Downsizing Fertilizer Bills with a Summer Cover Crop
Practical Farmers of Iowa was founded by farmers in the 1980s farm crisis who were looking for ways to reduce their inputs, bring down their annual operating costs and make it through the lean season until land and crop prices came back into balance. Back then, they investigated extended rotations that included legumes as a way to grow nitrogen instead of purchasing fertilizer inputs, and that lesson is more applicable than ever into today’s agricultural economy.
Legumes tend to have more expensive seed and don’t fix much nitrogen until the plant flowers – usually impossible in the short and cold time between corn and soybean harvest and planting. But, farmers who harvest a small grain in July have a unique opportunity to use legume cover crops that will actually have time to produce nitrogen. Farmers looking at their options for a legume cover crop have two main options a) seed a clover or alfalfa cover crop in the early spring so it is growing at the same time as the small grain or b) wait until August after small grain harvest and plant a cover crop then.
Estimating N from a spring planted, solid clover or alfalfa cover crop
Daryl DeGroot, who farms near Hull in northwest Iowa, decided to test out a one-year cover crop of alfalfa co-seeded with his oats in 2017. “We drilled 16 pounds per acre of alfalfa with the oats,” Daryl says. “Usually alfalfa is pretty expensive, but we had the opportunity to buy an older variety from our dealer that was cheaper than red clover.” Daryl farms row crops and has a 250-cow dairy herd, so he’s no stranger to growing alfalfa as a crop, but this was the first year he essentially used it as a cover crop – he allowed the alfalfa to grow for only a single year before terminating it and planting corn the next year.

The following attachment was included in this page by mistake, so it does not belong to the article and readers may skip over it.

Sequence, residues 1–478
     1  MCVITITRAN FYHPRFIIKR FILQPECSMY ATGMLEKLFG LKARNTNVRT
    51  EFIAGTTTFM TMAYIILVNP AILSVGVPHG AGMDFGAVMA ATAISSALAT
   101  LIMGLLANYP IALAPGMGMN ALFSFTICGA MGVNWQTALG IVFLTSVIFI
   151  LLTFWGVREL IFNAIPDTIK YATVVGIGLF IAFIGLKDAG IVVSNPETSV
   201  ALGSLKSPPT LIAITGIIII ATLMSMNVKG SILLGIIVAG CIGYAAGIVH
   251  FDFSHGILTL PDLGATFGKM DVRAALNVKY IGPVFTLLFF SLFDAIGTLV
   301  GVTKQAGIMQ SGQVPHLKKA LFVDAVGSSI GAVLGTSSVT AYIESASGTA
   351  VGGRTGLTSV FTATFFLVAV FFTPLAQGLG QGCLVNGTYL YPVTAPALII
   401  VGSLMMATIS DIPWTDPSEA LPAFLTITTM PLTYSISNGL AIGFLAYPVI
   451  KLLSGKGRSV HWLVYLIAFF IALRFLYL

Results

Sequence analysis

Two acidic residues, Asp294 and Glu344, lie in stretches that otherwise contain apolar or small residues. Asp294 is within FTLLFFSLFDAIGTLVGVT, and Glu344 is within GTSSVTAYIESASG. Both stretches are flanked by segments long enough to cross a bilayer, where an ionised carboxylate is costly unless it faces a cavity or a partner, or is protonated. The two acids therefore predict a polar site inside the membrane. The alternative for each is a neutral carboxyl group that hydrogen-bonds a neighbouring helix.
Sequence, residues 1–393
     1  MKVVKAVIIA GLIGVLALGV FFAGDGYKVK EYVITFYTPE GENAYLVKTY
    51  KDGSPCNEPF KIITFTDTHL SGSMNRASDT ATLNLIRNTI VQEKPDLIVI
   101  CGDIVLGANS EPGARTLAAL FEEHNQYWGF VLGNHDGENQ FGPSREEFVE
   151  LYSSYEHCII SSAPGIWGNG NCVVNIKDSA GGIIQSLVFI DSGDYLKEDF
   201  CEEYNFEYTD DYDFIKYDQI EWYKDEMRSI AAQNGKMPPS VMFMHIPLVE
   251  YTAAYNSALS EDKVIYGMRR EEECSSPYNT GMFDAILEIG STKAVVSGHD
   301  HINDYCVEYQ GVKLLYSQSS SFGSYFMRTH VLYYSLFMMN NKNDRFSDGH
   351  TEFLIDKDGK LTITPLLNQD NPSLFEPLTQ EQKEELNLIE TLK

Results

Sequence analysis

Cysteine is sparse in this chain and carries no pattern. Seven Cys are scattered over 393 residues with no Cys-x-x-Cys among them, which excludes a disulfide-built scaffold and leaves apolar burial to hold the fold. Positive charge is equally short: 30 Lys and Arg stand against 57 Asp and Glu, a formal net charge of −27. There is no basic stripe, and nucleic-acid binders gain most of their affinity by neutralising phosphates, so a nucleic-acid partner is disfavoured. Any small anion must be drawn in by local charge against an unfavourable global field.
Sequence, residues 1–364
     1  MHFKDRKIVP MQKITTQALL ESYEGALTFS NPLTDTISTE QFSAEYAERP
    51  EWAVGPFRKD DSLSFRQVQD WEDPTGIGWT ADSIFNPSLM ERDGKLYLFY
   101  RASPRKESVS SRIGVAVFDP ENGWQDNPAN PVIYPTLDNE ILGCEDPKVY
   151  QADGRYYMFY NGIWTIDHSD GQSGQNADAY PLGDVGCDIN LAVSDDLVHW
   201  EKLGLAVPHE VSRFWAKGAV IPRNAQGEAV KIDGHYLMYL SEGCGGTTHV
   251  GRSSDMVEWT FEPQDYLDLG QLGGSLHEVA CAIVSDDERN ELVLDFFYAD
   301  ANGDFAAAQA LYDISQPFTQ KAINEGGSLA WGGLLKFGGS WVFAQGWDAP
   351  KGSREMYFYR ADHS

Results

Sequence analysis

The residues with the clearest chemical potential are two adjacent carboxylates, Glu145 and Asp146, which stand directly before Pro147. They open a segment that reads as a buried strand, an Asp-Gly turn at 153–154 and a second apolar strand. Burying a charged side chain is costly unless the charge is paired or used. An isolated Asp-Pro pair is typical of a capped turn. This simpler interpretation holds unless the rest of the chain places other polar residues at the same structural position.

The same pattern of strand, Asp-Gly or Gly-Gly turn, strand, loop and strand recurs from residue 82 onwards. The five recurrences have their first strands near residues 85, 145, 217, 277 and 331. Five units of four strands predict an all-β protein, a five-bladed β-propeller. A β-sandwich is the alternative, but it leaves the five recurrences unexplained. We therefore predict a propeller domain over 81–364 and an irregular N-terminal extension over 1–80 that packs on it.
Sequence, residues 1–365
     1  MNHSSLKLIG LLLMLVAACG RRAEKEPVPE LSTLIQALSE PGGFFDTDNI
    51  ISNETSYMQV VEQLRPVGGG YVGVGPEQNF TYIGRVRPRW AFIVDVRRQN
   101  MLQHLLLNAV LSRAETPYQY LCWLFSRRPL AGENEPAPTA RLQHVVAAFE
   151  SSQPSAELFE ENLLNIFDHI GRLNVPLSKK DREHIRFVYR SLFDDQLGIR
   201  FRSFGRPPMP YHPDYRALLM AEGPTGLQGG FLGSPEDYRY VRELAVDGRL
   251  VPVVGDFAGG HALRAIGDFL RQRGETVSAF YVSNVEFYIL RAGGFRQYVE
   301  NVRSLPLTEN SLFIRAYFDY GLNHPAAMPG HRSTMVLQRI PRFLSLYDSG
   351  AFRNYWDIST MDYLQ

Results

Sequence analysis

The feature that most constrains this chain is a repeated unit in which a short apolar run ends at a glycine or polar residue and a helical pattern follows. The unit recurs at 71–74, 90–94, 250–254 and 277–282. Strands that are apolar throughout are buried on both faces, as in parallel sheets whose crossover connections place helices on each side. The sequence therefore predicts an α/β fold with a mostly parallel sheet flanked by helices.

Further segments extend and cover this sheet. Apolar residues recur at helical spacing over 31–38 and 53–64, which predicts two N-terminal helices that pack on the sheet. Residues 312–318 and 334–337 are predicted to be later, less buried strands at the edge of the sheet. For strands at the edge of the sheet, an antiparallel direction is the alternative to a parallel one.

After he harvested his oats in July of 2017, Daryl harvested square bales of straw according to his usual practice. “It helps the alfalfa get uncovered so that it can grow,” he says. Later that fall, he took a forage cutting off the alfalfa – about two tons – and then injected manure into the field. “The field is right next to a farrowing hog facility so we spread a lot of manure out there from that,” Daryl says. Because it’s a farrowing facility, there isn’t a lot of nitrogen in the manure: they have it tested periodically and it’s about 11 pounds of nitrogen per 1,000 gallons out of that lagoon. In fall of 2017 they applied 14,000 gallons of the manure to the field and figured that gave them about 140 pounds of nitrogen. “We injected the manure right into the alfalfa,” he says. “You could see where it went, but the alfalfa didn’t get disturbed too much.”
After the hay cutting and the manure application, the alfalfa still had a little time to grow left in the fall. Daryl figured it grew 4-5 inches that fall after the manure application and then another 4-5 inches in the spring so it was just shy of a foot tall when he terminated it with Roundup. “It was a really old, cheap alfalfa variety so it was not Roundup Ready,” he says. “We were able to terminate it completely with a pass of Roundup and Surestart 10 days before we planted corn.”
After the alfalfa was terminated, Daryl planted right into the residue with the same settings he uses to plant into a rye cover crop. “We fill the 400-gallon water tank that’s meant for starter fertilizer with water to get down pressure,” he says. “I run one rubber and one spiked closing wheel with trash whippers.”
Daryl’s nitrogen plan for his corn came entirely from the manure he applied and the nitrogen he estimated from his alfalfa. “Quite often we’ll do a spring nitrate test, but we didn’t get it done in spring of 2018 because the weather was so poor,” he says, “so we’re not exactly sure what nitrogen came from alfalfa. Usually I figure that if it’s a two-, three- or four-year alfalfa I’ve got all the nitrogen I need for a corn crop. From the one year, I figured I had half of a usual nitrogen program – 80 lbs/ac or so.”